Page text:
De novo banks established over the last 10 years are posting their first profits at a faster pace than de novos founded prior to the Great Recession.
It took an average of 8.6 quarters to turn a profit for the 1,046 de novos established from 2000 to 2009. For the 30 de novos launched since 2010, it has taken an average of 6.8 quarters. Industry consultants attributed the quicker profitability to technology adoption, consolidation and larger capital raises.
As consumers increasingly rely on mobile and digital banking, de novos have been able to operate with a lower headcount and less physical space for branches and offices.
"If you can be more reliant on cutting-edge technology and you don't have the sunken fixed costs of additional full-time employees, that probably would allow de novo banks to reach profitability more quickly," Steven Lanter, partner at Luse Gorman PC, said in an interview.
The transition away from branches, especially marquee headquarters locations, have allowed de novos to put more of their limited start-up capital to more profitable uses, according to James Stevens, a partner at Troutman Pepper Hamilton Sanders LLP.
"People are no longer building Taj Mahals. Pre-2010, people were building very large buildings," Stevens said.
The start-up capital required to open a de novo bank has increased since the Great Recession, due in part to the required technology investment. Still, having more capital available enables a rapid growth profile. "Because [capital demands] have gone up, they're pushing growth," Stevens said. "They have the capacity to grow faster."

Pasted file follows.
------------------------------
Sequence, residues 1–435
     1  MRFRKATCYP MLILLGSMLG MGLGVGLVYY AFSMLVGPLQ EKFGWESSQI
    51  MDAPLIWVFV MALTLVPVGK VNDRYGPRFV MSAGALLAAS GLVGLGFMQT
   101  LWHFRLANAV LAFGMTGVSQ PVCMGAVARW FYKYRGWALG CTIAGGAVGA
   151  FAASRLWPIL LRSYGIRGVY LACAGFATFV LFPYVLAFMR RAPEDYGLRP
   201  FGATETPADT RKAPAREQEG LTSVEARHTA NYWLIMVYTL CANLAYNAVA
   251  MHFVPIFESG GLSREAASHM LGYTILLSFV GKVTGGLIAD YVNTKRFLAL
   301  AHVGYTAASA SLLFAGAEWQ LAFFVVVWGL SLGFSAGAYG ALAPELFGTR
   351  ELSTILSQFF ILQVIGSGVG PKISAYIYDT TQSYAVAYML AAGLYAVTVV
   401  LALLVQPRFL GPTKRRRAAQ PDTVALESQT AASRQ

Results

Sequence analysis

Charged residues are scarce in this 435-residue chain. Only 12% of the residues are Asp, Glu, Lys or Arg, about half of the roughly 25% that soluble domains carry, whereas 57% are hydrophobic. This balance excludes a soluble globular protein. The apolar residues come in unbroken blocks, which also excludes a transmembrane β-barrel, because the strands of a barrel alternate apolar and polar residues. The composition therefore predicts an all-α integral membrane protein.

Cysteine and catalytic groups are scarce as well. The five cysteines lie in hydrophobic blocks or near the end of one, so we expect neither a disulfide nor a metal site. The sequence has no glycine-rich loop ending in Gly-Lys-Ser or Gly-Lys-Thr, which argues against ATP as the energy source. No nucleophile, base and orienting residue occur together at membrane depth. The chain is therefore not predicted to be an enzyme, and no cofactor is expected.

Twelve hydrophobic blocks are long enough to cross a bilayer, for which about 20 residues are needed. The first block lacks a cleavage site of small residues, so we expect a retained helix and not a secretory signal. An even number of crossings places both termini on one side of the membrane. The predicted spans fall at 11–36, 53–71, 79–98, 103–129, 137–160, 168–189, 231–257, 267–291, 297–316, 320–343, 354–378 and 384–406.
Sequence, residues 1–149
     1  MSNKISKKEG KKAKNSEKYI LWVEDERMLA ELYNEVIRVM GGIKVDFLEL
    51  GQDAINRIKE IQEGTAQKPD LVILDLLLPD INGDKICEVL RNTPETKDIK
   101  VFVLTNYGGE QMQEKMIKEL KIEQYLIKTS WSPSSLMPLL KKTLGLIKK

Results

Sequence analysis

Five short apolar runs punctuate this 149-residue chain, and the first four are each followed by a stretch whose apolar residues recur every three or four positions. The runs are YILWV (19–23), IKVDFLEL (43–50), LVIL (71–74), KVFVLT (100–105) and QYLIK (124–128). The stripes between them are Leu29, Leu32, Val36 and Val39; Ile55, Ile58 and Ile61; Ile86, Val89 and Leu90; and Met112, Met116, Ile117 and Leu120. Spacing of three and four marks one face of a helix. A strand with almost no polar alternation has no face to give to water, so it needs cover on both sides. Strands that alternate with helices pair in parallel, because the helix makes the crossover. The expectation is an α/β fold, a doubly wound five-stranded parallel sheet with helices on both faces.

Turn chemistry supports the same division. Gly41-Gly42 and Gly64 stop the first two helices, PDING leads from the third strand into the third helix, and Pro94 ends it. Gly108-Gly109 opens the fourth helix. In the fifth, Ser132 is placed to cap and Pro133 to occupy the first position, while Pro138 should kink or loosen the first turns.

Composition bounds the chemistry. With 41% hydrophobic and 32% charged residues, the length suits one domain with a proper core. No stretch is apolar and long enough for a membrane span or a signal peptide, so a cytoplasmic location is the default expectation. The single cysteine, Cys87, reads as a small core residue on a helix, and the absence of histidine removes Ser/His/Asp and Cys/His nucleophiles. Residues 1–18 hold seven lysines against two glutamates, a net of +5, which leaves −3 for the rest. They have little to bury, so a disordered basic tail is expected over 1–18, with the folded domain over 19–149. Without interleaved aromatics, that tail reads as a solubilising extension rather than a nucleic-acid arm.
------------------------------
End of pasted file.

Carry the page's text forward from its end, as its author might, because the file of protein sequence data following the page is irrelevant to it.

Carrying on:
M&A could also be helping de novos' profitability. If a de novo opens in a market with little or no local competition, it can become profitable more quickly, Lanter said.
"The consolidation that we've seen over the last decade has allowed new banks to flourish a little quicker," he said. "When you open up the bank, you're not competing with Bank of America right away. You're competing with other ... local banks. And if there's a void in that sector, then you might have an opportunity to fulfill the needs of local and small businesses."
While the low interest rate environment is weighing on net interest margins for all banks, well-run de novos can post profits without a favorable rate environment, both Lanter and Stevens said.
"Historically low interest rates are generally not going to help de novos — or any financial institutions — with their earnings," Lanter said. "But if you're still operating and executing your business plan and you are going out and attracting good customers and good loans, you're still going to make money."
Once interest rates return to historical norms, the pace at which de novos post their first profit could accelerate further, Stevens said.
"[Once] we have, at some point in the future, a rising net interest margin, that [profitability] trend will not only continue, but also perhaps they'll get profitable quicker," he said.
In the near-term, de novos will get a small revenue boost once Paycheck Protection Program loans are forgiven.
"If the de novos were already operating in a way such that they had the operational capacity to participate in the PPP, then I think like any financial institution, they would recognize the noninterest fee income for those loans and ... they'll be seeing a nice uptick in noninterest fee income," Lanter said.